Eleanor’s Solo Sail

Sunday, February 12, 2017

Do you remember Hurricane Floyd?

He passed through the Catskill/Hudson area in September 1999 and caused over
16 million dollars worth of damage in New York alone. The letter below, one of many
written by Louise Bliss to family members, the children of Eleanor’s third captain
Phillip S. Egan, updates them on the journey and expenses generated by Eleanor on
her solo adventure.

There is so little online about Floyd and its effects on the Hudson Valley. If you
have photos, articles, links, or horror stories about sailboat disasters during this
storm, please send them to us in our comments section.

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December 3, 1999

Dear Eleanor Owners,

I was feeling that I was late in writing this letter to you, but I see in the files a letter written to all of you on Dec. 3 last year. Interesting is it not, that we are creatures of habit? The pull of the moon and the rise and fall of the tide.

http://www.americanjourneys.org/maps/aj-133.pdfA busy year for Eleanor. She enjoyed several excellent sails with crew on board, and one sail she decided to go it alone, and a fine job she did. Tired of navigating the river by herself (right in the middle of the channel), she chose the north side of Germantown Landing to end her journey. Not on the rocks, not in the mud, but on nice hard ground. People up and down the river had been on the look out for her and called in her location to Joe Kenneally who I called as soon as I saw from Cesternino’s(1) that she was gone. Horrible!! Horrible! What a terrible thing to experience!! Joe Kenneally, Dean Fisher and I made a trip by boat down the river from the Hudson Power Boat Club to ascertain the damage, if any, and to make certain she would be all right until the change in tide, at which time we could pull her, or float her off the hard ground. Julie, Frank, Joe and I returned that evening to her location, and pulled her off with the help of Jerry from the Power Club in his boat. He even put on a high speed power prop for the job. We pulled her North to the Greendale Landing area and anchored her there for the night. The next morning I returned to Catskill and commandeered three muscle men in a good boat to go over to Greendale and tow her back to Cesternino’s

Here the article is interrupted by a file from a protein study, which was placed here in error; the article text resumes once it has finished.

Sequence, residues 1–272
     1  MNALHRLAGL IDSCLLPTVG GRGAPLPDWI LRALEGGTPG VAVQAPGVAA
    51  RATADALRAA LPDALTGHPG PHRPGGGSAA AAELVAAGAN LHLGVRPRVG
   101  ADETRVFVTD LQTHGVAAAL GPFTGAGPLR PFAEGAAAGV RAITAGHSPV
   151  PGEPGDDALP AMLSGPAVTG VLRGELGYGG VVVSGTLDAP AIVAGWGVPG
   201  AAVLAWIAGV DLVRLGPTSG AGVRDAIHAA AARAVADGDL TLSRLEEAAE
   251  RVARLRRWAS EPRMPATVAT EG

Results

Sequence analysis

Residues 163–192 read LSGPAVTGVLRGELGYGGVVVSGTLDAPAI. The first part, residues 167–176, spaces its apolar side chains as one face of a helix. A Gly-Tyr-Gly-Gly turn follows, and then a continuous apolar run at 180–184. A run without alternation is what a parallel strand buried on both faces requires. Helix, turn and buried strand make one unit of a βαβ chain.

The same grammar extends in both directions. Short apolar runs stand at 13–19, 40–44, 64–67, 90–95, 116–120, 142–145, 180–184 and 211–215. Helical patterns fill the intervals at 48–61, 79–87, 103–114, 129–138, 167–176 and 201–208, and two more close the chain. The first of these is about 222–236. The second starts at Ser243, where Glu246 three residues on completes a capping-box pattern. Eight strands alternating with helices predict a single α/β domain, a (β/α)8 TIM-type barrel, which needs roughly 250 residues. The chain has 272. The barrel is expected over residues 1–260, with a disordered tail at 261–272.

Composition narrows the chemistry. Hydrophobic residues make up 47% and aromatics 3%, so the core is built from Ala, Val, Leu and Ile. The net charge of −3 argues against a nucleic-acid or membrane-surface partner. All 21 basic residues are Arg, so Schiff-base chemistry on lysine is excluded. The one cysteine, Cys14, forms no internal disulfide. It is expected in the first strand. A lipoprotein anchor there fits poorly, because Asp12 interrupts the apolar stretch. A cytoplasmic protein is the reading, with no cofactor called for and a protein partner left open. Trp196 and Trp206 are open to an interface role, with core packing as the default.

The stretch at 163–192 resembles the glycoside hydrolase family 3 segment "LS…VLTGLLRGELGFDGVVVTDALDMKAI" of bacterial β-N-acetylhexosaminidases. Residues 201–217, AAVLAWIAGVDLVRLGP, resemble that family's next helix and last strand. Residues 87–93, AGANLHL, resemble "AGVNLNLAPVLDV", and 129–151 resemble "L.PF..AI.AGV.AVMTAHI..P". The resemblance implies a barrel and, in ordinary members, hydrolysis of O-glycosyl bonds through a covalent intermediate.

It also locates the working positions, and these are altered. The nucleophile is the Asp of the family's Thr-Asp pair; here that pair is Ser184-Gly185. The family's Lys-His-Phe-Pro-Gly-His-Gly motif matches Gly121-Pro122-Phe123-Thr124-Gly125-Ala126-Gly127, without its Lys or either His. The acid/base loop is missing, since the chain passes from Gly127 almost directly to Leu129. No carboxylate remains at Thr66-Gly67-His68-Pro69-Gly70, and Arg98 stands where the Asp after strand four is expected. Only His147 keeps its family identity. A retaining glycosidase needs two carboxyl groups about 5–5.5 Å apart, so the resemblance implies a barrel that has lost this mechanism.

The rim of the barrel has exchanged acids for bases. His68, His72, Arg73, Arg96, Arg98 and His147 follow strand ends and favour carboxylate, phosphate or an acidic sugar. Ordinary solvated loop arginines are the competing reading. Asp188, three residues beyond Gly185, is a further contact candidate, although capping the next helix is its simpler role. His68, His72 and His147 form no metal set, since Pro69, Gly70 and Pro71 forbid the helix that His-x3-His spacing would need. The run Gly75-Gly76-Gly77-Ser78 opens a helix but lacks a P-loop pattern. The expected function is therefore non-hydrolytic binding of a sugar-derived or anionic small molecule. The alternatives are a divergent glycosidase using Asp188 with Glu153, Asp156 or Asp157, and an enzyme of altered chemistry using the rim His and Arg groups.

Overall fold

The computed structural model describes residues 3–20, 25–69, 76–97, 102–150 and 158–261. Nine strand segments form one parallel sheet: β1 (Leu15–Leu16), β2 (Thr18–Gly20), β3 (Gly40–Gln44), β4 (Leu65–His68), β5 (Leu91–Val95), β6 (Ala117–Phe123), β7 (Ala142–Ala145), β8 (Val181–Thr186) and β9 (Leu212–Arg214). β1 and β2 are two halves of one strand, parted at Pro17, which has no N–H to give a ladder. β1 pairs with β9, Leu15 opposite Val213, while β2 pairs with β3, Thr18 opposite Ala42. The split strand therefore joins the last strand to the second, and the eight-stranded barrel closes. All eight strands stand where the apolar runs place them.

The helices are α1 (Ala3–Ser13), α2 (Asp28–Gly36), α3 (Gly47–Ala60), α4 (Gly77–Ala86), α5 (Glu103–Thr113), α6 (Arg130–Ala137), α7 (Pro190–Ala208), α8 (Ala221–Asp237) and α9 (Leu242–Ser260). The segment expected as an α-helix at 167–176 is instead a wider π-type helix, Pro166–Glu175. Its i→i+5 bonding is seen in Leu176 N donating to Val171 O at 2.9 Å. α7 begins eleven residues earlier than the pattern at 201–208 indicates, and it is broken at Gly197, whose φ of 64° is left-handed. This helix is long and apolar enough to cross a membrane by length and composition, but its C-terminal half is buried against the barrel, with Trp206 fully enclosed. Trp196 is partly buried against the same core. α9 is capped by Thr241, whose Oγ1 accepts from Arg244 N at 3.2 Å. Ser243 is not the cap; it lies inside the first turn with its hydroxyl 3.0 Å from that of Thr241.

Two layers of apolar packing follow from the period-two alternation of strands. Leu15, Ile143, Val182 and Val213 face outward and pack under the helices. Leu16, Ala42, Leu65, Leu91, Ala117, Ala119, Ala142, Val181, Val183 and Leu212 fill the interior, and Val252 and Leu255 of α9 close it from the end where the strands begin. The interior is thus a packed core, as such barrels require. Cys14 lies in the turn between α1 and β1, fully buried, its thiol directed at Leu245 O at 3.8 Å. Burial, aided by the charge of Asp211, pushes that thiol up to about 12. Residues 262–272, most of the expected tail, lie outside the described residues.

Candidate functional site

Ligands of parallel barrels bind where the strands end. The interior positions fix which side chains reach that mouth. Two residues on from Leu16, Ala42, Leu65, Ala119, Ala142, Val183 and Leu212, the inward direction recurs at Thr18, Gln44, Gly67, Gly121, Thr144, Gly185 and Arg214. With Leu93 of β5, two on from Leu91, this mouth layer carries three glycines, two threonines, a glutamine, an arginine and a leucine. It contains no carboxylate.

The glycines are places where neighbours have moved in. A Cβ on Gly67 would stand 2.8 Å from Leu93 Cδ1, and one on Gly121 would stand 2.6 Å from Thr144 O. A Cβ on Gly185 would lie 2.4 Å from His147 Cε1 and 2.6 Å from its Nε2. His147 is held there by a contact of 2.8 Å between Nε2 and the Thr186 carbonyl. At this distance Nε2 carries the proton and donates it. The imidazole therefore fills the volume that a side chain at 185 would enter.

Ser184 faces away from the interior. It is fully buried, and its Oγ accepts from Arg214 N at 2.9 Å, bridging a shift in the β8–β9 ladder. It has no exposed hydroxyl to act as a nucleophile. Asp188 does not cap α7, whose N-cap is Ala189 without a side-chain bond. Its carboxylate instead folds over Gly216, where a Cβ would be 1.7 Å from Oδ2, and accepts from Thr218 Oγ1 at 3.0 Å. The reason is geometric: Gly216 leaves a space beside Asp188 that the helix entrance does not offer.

Samson post

Samson post

In retrospect, of course, if she had been anchored out at Greendale, all this would have been avoided, but we would have had to leave early on in the afternoon to avoid a run on flood tides. Frank and I checked the lines the evening of the flood and agreed that she would be all right. Little did we, or anyone else know what was to come. She would have been alright had not some powerful dock or boat rammed her, pulling off the cleats, separating the iron rings on the samson post, and actually bending the brass hardware on the standing back stays. The damage to the combing around the cockpit occurred when she hit ground and the boom chock dropped out) later to be recovered by Julie and Joe on the rocks along the shore) which caused the boom to crash down on the combing All in all, it was a stressful time. Thanks to Julie and Frank, Joe, Jerry , Dean, and the three muscle men.